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Aleklett’s new book: “Peeking at Peak Oil”
Kjell Aleklett, Springer Publications
Peeking at Peak Oil
Aleklett, Kjell, Lardelli, Michael, Qvennerstedt, Olle
1st Edition., 2012, 200 p. 100 illus., 50 in color.
Softcover, ISBN 978-94-007-1815-9
Available: May 29, 2012
Discusses the major social and economic implications of peak oil
Explains the world before and after the point in time when the rate of oil production enters terminal decline.
Written by an authority in the field to be accessible to a broad audience
Contains many colourful illustrations
Get an Insider’s Perspective on Peak Oil
The expression, “peak oil” was born in January 2001 when Colin Campbell formed the Association for the Study of Peak Oil & Gas (ASPO). Now, “peak oil” is used thousands of times every day by journalists, politicians, industry leaders, economists, scientists and countless others around the globe. Anyone interested in food production, economic growth, climate change and global security needs to understand it.
Professor Kjell Aleklett and his research group in Sweden lead the world in peak oil research. In “Peeking at Peak Oil” Kjell describes the decade-long journey of peak oil from “extremist fringe theory” to today’s accepted fact. He explains all you need to know to understand peak oil and its world-changing consequences from an insider’s perspective. In simple steps Kjell tells us how oil is formed, discovered and “produced”. He uses science to reveal the errors and deceit of national and international oil authorities and companies that are too terrified to admit the truth. He describes his personal involvement in the intrigues of the past decade. The book is beautifully illustrated throughout by one of Sweden’s leading graphic artists, Olle Qvennerstedt. Peak oil is not the end of oil but it tells us the end is in sight. If you want to know what the future really has in store for us then you need to be “Peeking at Peak Oil”.
Table of contents
1) Peak Oil
2) A world addicted to oil
3) The global oil and gas factory
4) How to find an oilfield
5) The oil industry’s vocabulary
6) The art of producing (extracting) oil
7) The size of the tap – the laws of physics and economics
8) The Elephants – the giant oilfields
9) Unconventional oil, NGL and the Mitigation Wedge
10) The peak of the oil age
11) Oil from Deep Water – the end tail of the oil extraction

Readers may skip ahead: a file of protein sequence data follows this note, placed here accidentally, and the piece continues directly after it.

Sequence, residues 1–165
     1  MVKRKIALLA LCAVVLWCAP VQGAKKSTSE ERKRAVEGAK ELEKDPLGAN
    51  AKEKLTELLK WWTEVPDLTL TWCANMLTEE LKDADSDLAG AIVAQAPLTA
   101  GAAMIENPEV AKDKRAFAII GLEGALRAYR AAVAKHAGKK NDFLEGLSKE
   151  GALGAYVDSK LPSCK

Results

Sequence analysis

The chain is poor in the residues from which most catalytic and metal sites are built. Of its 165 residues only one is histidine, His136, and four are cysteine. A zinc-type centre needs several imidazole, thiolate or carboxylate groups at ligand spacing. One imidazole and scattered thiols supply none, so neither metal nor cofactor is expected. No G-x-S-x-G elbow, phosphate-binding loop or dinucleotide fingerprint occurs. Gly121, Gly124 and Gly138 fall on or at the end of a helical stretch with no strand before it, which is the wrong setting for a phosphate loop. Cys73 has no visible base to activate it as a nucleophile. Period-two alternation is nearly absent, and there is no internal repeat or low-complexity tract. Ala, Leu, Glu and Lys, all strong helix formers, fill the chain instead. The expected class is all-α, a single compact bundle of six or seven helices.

12) Peeking at Saudi Arabia – “Twilight in the desert”
13) Russia and USA – the oil pioneers
14) China and Peak Oil
15) Peak transportation
16) Peak Oil and climate change
17) Why are military and intelligent agencies “Peeking at Peak Oil”
18) How can we live with Peak Oil?
19) An inconvenient Swede
The book is a summary of the research done by Dr. Aleklett and his group. He says that it “will tell a story about Peak Oil that you never have read before.”
Fundamentals, speculation, and oil prices
James D. Hamilton, EconBrowser
I was in Washington DC last week, arriving right after the earthquake and getting out of town just before Irene, to attend a conference on commodity markets at the Commodity Futures Trading Commission. Here are some of the remarks I made at the conference on the role of speculation and fundamentals in recent oil price movements.
… Although I remain open to evidence on a possible short-run contribution speculation may have had, one aspect of the debate over this issue worries me. The plots above of oil production over time in my mind highlight what has been a significant economic challenge over the last few years and very possibly an even bigger challenge in the years ahead. I would like to see more consensus on what seems to me to be a very clear statement of fact, which is, stagnating global production is by far the most important reason for a rising price of oil.
Insofar as discussion of commodity futures speculation causes some people to ignore this critical reality, I fear that it may be doing us a significant disservice.
James D. Hamilton is Professor of Economics at the University of California, San Diego
(28 August 2011)
Has Peak Oil Come To The Non-Opec World? Maybe.
Christopher Helman, Forbes
The world’s biggest oil companies put in a pretty pathetic performance in the second quarter of 2011. Not in terms of earnings — those were great, with Exxon posting $10.7 billion and Royal Dutch Shell doing $8 billion. Just what you’d expect with Brent crude at a lofty $120 a barrel.
Where the results were disappointing was in the barrels. Of the 16 big U.S. and European oil companies studied by Deutsche Bank analyst Paul Sankey, 14 of them saw their production of petroleum decline in the quarter.
… So what will it mean for the oil market when only OPEC can meet oil demand, especially considering that China and India’s oil needs are ramping from such a tiny per capita base? “It seems very clear that higher and highly volatile oil prices will be a necessary fact of future oil markets,” writes Sankey.
What’s an investor to do? Buy oil companies of course, especially those that show any likelihood of boosting oil output.
(30 August 2011)